The pioneering application of in vivo nuclear magnetic resonance spectroscopy to plant tissues early in my career led to discoveries in plant metabolism, and then to my current interest in measuring and predicting multiple fluxes in metabolic networks. My main interest lies in understanding the organisation and regulation of the metabolic fluxes that occur in the plant metabolic network.
Metabolic networks supply the precursors, energy and reducing power required for the synthesis and turnover of cellular components. The associated flows of material – the metabolic fluxes – are crucial in determining the performance and productivity of cells and organisms. For example, in an agricultural context, the production of harvestable end-products of plant metabolism is entirely dependent on the flux phenotype of the plant; while in biotechnology, the exploitation of micro-organisms and plants hinges on an ability to reconfigure the metabolic network to favour a flux distribution that leads to the preferential synthesis of a desired product. The metabolic flux distribution in a network can be measured using stable isotope labelling techniques, while the same fluxes can be predicted using genome-scale models and constraints-based flux balance analysis. Ultimately this combined approach to metabolic flux analysis leads to a deeper understanding of plant metabolic phenotypes, their biosynthetic capacity, and the extent to which networks might be manipulated to increase productivity.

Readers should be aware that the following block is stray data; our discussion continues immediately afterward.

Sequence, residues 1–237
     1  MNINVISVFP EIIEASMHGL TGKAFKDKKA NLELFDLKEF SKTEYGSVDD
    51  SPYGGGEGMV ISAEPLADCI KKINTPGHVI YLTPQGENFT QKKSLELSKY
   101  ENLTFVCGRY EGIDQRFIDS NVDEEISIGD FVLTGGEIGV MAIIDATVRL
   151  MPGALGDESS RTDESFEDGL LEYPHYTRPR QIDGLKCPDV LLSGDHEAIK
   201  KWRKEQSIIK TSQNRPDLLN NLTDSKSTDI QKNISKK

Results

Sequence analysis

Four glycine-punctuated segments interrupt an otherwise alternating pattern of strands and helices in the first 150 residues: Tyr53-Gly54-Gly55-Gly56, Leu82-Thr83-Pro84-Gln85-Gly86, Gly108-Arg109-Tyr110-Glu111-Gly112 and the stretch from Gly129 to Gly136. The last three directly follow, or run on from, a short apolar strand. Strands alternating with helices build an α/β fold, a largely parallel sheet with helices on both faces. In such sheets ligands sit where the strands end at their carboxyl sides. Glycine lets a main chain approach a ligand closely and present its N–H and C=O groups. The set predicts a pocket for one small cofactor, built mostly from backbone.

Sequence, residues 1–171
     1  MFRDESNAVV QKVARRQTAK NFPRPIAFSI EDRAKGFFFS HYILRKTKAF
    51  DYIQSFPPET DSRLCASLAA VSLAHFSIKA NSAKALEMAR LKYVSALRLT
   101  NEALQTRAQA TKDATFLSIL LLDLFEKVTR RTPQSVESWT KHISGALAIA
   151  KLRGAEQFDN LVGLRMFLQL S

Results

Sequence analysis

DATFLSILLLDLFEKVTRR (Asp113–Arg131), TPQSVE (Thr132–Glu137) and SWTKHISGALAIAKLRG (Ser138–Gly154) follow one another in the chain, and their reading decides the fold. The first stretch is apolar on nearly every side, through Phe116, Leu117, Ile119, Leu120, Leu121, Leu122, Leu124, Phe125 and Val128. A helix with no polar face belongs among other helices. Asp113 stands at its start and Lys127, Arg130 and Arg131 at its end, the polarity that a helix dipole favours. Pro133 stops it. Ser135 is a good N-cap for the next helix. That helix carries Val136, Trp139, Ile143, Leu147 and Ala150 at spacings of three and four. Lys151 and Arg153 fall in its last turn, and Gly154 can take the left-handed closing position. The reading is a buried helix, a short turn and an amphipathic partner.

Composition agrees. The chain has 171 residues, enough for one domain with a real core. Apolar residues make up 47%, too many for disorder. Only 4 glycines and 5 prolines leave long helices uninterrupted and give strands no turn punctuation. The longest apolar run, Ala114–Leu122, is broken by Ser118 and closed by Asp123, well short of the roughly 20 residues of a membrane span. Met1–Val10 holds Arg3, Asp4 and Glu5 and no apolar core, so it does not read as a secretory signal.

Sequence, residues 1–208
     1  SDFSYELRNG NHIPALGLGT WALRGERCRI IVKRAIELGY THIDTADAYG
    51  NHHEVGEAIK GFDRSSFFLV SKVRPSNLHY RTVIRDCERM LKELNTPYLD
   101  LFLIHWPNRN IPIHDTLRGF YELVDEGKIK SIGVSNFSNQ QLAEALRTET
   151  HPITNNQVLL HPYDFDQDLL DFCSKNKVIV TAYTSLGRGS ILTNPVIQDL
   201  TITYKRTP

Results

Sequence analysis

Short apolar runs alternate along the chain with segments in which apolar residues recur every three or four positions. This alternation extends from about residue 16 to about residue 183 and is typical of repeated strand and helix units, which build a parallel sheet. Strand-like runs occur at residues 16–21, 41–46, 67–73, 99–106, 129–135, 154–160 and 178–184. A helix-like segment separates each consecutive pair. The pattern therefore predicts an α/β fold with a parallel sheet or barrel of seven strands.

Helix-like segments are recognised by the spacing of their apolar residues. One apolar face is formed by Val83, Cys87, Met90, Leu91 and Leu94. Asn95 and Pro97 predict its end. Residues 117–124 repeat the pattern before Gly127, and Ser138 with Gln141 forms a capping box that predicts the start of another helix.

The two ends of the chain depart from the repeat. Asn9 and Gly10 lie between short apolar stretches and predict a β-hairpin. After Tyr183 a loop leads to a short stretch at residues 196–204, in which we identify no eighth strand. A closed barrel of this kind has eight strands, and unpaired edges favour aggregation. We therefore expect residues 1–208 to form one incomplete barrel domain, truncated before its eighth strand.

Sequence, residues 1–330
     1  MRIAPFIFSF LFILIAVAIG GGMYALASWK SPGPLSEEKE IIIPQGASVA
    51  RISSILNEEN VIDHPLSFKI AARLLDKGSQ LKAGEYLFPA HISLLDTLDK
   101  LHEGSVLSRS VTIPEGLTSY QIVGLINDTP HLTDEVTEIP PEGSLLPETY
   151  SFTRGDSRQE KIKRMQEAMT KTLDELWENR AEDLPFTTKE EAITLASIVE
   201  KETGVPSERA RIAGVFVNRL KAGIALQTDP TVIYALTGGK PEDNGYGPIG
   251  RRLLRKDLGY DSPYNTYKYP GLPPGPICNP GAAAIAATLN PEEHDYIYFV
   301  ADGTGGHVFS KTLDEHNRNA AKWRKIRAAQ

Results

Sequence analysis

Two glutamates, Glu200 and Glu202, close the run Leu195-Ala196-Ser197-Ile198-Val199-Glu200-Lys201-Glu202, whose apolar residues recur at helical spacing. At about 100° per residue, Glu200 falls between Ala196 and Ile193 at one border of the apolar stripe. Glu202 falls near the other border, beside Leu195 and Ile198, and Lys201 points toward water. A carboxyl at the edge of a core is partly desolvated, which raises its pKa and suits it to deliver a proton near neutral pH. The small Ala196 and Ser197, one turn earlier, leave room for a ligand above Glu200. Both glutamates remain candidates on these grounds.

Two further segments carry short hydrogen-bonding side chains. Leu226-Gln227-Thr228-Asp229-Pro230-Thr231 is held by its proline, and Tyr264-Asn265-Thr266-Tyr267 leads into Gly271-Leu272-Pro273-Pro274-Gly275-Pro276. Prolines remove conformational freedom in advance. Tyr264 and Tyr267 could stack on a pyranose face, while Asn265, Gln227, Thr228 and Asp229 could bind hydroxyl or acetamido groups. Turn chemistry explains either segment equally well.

I was Head of the Department of Plant Sciences from 2017-2021, and as an Emeritus Fellow of New College, I am a nominated trustee of the Harpur Trust and a Governor of Bedford Girls’ School. I have co-authored two undergraduate textbooks: N.C. Price, R.A. Dwek, R.G. Ratcliffe and M.R. Wormald (2001) Principles and Problems in Physical Chemistry for Biochemists 3rd edition, OUP; and Peter Atkins, George Ratcliffe, Mark Wormald and Julio de Paula (2023) Physical Chemistry for the Life Sciences 3rd edition, OUP.